90: What’s it really like to be a coder, Careers in Software Development
What do you know about careers in coding? I sat down with three people working in the field (You can find out more about them in the notes below) who shared their experiences and top tips for becoming a coder.
1. What skills or attributes make a good coder?
You might be surprised to learn what skills you DON’T need to be a coder: you don’t need to be good at maths or science. As long as you’re determined to learn coding that's enough to get you going.
You DO need “soft” skills like listening, teamwork and communications. The old stereotype of a nerdy coder who doesn't connect with others is not a reflection of the industry today.
You also need to be persistent to overcome obstacles. In programming, things probably won’t work the first time but if you keep trying, you will eventually find the solution. It might take ten more tries but being persistent will pay off.
If you like to solve problems and unravel mysteries, you’ll probably make a good coder.
2. Do you need to go to university to be a Coder?
The short answer is no, you don’t need a university degree to be a coder and there are entry level jobs which don’t require degrees. So, how to begin?
Get started now. Learn to code—you can even teach yourself with online resources, books and videos or sign up for a coding school. Then, prepare to learn on the job.
What matters is how good you are rather than a degree.
3. What programming language should I learn?
Python is also useful and its syntax is very like English.
C++ and C Sharp are especially good for games.
4. What don’t you like or what are the biggest challenges in a coding career?
Because coding is a collaborative process, one frustration cited by everyone was having the patience required to wait for some other part of the process to be completed before being able to jump in and do your own bit.
Generally, criticism was hard to find. All the panelists love their jobs!
5. Why do you love your job?
Answers like: Programming lets you do whatever you want to do; every bit of code you write is solving a puzzle; you can use creativity and logic in your work; you work with small teams and there is diversity in the work itself.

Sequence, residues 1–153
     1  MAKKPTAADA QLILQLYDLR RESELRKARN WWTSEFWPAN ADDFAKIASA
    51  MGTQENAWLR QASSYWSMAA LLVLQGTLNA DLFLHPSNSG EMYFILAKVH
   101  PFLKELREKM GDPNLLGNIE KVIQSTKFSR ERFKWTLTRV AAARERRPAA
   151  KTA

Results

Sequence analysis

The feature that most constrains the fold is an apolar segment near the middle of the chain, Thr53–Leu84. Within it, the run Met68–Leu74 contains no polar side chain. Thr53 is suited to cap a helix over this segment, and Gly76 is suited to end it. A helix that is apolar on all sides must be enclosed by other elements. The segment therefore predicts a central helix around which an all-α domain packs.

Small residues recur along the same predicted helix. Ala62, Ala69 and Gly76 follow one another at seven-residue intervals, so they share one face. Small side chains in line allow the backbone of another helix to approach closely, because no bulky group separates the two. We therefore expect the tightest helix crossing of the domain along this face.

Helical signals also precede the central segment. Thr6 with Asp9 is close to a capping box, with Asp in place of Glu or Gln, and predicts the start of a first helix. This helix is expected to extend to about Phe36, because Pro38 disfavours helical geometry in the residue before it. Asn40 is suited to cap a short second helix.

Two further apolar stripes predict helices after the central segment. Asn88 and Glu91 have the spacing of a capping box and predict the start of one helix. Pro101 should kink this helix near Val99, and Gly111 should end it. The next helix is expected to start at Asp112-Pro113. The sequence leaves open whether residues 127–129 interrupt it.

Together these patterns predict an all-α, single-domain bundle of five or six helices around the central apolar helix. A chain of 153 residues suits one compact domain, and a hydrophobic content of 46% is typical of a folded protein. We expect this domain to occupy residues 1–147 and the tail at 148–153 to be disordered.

The overall theme everyone shares is the satisfaction that comes from starting a project, working from the ground up and seeing the results: something that works and that customers enjoy
See the links below for details on how to:
Improve your coding. Access online courses and websites like Codewars which gives you puzzles to solve. It’s a great resource: https://www.codewars.com/
A great one for prospective coders aged 10-18 is the BAFTA Young Games Designer Competition: http://ygd.bafta.org/
Our panel:Nele is a 3D artist an experienced developer and knows about coding in a VR and games context, she currently creates characters and assets for VR games – Coopinnovations. She works for https://www.coopinnovations.co.uk/ which provides immersive worlds and the technology that drives them.
Tiago is a developer for PanIntelligence, business intelligence software to help businesses make better decisions from their data. He builds features and fixes problems.
Jo - graduated July 2017 from Northcoders and has worked as a Software Developer since August 2017. Currently she's working at LADBible Group, which is redefining entertainment and news for a social generation.
A Big Thank You!
Thank you for joining the webinar and thank you to our panellists Jo, Tiago and Nele (and Neil who jumped in to talk about cyber security), who also provided the links below.
The recording is now on Youtube at https://youtu.be/l62-FZS5lGA
Please sign up for updates of new webinars at www.thefutureofwork.org.uk
Useful links from the webinar.
If you need help with a problem the Harrogate Coder Dojo github page lets you ask for help via github issues
- CodeClub Projects: There's a few clubs geared towards young children but the projects are good for someone who's never done any code before no matter their age.
- The Mozilla Foundation (creators of the Firefox browser) have some neat help pages to get your started with web development.
- There are so many game jams happening all the time, you just have to pick one.
- There are some great podcasts out there (like The Game Maker's Notebook and Designer Notes)
Regarding cyber-security, Neil suggested:
They often look for volunteers if cost is an issue although the BSides ones are typically very low cost.
Also nearly all the talks will be put on YouTube, often the same day so that's great if you can't attend.
To do some hacking yourself you could start with the OWASP's Juice Shop.
- EGX (Birmingham) & EGX Rezzed (London, more indie game focused), they hold career fairs & panels &portfolio reviews each year which are very helpful https://www.egx.net/egx
- Yorkshire Games Festival https://www.scienceandmediamuseum.org.uk/whats-on/yorkshire-games-festival
- BAFTA YGD Competition (currently ongoing, you can still join!) http://ygd.bafta.org/
Courses (from a recent NCSC newsletter)
Teachers who want more info should contact: Rebecca Auterson [email protected] Thank you Rebecca!
CyberFirst Adventurers courses that students can sign up for on the website currently.
Bursary schemes for year 13 students
Also, the amazing Cyber Discovery platform is live again now for years 10-13, and it also available to Scottish students too this year. https://www.joincyberdiscovery.com/
Cybersecurity e-book sale on Humble Bundle: https://www.humblebundle.com/books/cybersecurity-packt-books
Thanks for joining us and we look forward to having you on our webinars soon! Sign up for updates at http://www.thefutureofwork.org.uk